Mind games aren’t always a no-brainer

Exercising your brain is a must


Sophie Dorrance-Minch, staff writer


Mind games can be tricky. As No Brainer Day approaches on February 27, it is time to see if mind games can be tricky or educational. Or both.

Mind games are similar to tests and quizzes. When overestimated, people can easily get tricked into using too much of their brain. If they notice how simple the problem is, they realize that they barely need to do anything to proceed deeper into the games.

“Mind games are usually illusions that trick the mind while thinking games are all about strategy and problem solving,” junior Atzel Nunez said.

People tend to have fun when they know that they can win a game and noticing how easy questions are can help the person have fun (unless they really enjoy being stuck on something for long periods of time).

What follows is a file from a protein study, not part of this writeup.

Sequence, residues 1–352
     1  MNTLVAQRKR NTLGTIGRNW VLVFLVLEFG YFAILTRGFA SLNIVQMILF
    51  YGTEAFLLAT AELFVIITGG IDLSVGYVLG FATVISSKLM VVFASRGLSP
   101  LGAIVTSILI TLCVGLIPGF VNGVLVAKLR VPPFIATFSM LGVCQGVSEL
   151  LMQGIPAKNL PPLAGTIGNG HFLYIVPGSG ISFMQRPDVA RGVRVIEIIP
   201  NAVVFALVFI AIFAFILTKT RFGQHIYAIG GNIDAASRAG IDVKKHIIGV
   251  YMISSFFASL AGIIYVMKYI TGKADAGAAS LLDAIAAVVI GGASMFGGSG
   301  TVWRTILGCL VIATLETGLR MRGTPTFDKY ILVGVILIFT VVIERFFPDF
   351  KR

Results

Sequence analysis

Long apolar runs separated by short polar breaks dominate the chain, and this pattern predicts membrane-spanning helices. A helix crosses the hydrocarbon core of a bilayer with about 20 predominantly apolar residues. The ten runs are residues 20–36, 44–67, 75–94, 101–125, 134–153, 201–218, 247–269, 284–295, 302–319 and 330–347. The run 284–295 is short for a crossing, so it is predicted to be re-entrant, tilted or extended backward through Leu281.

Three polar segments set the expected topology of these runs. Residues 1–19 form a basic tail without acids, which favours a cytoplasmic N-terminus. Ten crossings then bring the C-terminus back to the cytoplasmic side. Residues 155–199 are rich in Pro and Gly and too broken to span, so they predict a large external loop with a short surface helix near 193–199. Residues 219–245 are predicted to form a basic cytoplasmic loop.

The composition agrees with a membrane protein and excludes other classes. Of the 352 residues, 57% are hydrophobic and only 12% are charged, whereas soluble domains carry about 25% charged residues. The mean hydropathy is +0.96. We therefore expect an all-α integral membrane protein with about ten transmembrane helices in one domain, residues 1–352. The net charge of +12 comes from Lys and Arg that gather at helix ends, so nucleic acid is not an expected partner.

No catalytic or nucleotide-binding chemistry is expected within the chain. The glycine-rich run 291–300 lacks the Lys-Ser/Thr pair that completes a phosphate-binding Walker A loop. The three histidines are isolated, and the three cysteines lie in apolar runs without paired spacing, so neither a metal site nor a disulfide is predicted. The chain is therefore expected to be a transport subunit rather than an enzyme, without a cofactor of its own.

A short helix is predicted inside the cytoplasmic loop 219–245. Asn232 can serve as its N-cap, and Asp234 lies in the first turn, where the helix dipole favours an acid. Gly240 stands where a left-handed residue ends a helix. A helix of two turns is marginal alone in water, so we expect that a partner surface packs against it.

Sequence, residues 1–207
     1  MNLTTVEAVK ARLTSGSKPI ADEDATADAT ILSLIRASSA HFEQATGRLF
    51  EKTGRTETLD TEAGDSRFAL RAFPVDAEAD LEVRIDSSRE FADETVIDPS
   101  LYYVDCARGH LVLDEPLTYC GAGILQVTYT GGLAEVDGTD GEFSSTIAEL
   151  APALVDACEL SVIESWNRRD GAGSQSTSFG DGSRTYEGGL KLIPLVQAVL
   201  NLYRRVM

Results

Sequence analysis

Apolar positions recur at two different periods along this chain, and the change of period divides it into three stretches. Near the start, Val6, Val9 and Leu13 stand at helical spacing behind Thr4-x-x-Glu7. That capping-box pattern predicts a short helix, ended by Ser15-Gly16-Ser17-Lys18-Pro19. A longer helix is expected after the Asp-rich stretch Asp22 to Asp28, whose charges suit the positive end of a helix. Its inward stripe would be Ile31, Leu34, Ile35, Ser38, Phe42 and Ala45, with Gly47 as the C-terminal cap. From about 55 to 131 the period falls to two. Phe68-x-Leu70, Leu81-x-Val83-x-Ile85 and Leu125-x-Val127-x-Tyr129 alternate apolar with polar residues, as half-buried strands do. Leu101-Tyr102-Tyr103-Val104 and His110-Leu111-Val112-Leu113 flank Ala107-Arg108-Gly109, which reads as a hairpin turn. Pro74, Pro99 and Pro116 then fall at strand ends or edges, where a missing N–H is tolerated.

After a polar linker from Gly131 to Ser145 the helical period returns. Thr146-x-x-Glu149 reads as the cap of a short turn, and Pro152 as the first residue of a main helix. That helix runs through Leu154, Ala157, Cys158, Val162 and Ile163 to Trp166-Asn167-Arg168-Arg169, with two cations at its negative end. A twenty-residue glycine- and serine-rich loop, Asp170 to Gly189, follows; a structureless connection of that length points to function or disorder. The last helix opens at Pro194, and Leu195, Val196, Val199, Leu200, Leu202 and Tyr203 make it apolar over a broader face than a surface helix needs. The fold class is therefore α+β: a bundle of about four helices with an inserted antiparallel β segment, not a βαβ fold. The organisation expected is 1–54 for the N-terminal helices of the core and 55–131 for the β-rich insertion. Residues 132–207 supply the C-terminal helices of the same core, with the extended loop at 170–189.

When No Brainer Day comes on February 27, use it as a way to challenge your mind. Research proves that exercising your brain is important, especially as you age.

“There’s a connection because of how No brainer Day requires you to not use your brain while thinking games require you to use more of your brain,” Nunez said. “I think No Brainer Day should be a day to celebrate your brain.”

Really, everyone needs a day to do almost nothing and take a break from challenges. They also need to realize that what causes them to waste time is just themselves using their minds to inherently trick themselves. 

For anyone interested in playing some mind/thinking games, just Google mind games and see what fun exists.